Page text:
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THE JOURNAL OF CARDIOVASCULAR SURGERY
A Journal on Cardiac, Vascular and Thoracic Surgery
Indexed/Abstracted in: BIOSIS Previews, Current Contents/Clinical Medicine, EMBASE, PubMed/MEDLINE, Science Citation Index Expanded (SciSearch), Scopus
Impact Factor 1,632
CASE REPORTS CARDIAC SECTION
The Journal of Cardiovascular Surgery 2002 February;43(1):51-4
New perspectives for the treatment of thoracic aortic aneurysm with self-expanding endoprostheses. Preliminary experience
Saccani S., Ugolotti U. *, Larini P. **, Marcato C. **, Squarcia G. **, Gherli T.
From the Cardiovascular Department University of Parma, Parma, Italy
*Interventional Radiology Service Hospital of Piacenza, Piacenza, Italy
**Institute of Radiology University of Parma, Parma, Italy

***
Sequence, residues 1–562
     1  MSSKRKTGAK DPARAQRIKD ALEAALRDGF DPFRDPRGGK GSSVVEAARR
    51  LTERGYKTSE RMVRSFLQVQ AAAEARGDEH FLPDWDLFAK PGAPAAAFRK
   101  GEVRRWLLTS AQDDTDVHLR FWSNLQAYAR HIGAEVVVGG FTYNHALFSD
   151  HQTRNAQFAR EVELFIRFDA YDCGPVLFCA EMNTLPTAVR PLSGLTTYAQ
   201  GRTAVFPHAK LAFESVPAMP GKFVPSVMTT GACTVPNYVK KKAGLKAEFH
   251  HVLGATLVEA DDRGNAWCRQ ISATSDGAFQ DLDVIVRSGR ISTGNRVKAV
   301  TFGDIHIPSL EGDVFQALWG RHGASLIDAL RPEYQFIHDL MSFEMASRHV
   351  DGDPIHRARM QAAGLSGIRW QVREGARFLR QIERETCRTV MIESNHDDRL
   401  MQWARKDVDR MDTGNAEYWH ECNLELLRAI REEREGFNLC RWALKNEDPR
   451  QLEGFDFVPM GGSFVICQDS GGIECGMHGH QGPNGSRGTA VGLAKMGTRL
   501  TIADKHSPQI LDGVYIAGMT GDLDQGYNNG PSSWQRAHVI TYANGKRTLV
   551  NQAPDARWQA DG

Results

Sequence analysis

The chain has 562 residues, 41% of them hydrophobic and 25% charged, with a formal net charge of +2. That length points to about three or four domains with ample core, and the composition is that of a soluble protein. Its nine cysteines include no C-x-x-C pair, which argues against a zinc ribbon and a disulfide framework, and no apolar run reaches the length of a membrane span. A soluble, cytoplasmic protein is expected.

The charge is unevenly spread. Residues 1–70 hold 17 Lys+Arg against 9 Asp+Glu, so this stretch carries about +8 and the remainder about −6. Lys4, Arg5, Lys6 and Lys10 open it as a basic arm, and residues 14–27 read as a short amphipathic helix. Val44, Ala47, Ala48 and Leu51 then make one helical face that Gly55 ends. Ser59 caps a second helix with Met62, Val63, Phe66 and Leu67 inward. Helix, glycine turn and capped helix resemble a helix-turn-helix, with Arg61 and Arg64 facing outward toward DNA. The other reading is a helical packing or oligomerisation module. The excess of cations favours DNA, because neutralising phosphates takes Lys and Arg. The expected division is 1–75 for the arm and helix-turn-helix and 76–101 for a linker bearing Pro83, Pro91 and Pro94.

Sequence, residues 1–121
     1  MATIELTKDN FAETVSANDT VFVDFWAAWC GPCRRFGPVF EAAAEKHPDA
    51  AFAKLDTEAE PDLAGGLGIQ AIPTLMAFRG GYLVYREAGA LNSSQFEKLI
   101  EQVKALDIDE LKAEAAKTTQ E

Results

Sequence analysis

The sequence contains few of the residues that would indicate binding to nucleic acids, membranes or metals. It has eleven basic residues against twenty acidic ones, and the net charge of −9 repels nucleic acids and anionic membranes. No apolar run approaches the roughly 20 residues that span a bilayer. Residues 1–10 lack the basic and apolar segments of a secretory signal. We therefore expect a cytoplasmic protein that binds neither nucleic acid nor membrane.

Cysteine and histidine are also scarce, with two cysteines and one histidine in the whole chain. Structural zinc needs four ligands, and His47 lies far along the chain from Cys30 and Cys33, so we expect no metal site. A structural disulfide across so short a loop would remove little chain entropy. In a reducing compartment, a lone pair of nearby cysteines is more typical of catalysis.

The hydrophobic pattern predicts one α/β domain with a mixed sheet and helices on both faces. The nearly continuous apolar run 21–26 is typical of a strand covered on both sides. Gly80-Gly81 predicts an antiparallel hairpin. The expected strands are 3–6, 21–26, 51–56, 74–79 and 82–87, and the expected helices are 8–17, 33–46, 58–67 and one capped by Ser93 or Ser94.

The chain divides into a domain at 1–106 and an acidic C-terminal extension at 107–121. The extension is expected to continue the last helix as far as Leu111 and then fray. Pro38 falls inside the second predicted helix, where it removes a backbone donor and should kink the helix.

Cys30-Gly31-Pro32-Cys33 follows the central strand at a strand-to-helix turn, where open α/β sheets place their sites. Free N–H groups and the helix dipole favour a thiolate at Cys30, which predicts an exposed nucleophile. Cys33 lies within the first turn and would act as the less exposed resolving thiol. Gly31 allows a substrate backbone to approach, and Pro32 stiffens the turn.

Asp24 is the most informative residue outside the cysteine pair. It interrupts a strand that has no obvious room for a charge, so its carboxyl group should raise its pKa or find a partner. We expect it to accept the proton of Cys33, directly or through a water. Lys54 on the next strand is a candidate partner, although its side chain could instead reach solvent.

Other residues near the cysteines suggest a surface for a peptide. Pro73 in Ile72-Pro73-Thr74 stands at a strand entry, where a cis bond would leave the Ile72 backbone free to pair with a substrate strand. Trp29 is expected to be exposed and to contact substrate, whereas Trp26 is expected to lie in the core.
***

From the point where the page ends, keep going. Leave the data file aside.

We present our preliminary experience with the application of covered aortic stents to treat aneurysms and dissections of the thoracic artery, a technique that was developed in 1996. Seven selected patients were treated with World Medical Talent “bare spring” tip endoprostheses and followed up for a total of 67 months. All prostheses were implanted at the Parma General Hospital Cardiovascular Department. Seven patients, average age 57.8 years, range 44-73 years, were treated; a total of 11 prosthetic segments were implanted. Aortic pathologies included: 2 isthmic atherosclerotic aneurysms, 2 chronic dissections, 1 acute dissection, 1 thoracic aneurysm associated with an aneurysm of the abdominal aorta below the renal arteries. Dilation diameters ranged from 6-9 cm, lengths from 4-12 cm. All patients underwent computerized tomography and angiography before stent implantation. The procedure was carried out in an operating room with the patient under general anesthesia and in controlled hypotension. In 2 cases the common iliac artery, prepared for the extraperitoneal route by application of a No. 10 Dacron introducer sheath, was used as the insertion site; in 4 cases the common femoral artery was used, in the case of the double aneurysm the traditional surgical route was used to correct the abdominal aneurysm, and the thoracic aneurysm was repaired through the abdominal prosthesis. All patients were released in good condition; thrombosis of the aneurysm surrounding the graft was immediate in all cases except one which required the application of a second segment shortly after the initial procedure. There were no major complications; one case of iatrogenic dissection of the femoral artery used as the access site required a prosthetic bypass. No implant-related complications were observed during follow-up. Our initial experience has been favorable and demonstrates that stents can be utilized for aortic pathologies of varying etiologies; we had no mortality or major complications, and hospital stays were short. Long term results must be confirmed before the therapeutic potential of this technique can be fully evaluated.